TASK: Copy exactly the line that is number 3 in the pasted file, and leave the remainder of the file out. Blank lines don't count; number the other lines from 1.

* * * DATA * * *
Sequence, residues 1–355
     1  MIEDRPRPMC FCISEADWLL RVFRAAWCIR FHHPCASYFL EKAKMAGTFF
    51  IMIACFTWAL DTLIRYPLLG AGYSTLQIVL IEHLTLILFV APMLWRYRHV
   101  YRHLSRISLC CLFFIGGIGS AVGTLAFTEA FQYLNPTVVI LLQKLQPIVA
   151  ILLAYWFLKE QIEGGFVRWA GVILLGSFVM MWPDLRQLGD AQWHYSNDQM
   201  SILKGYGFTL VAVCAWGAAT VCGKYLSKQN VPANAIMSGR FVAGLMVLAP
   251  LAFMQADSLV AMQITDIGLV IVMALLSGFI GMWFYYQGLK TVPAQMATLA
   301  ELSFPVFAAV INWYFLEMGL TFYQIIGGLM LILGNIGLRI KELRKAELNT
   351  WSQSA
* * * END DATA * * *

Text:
    51  IMIACFTWAL DTLIRYPLLG AGYSTLQIVL IEHLTLILFV APMLWRYRHV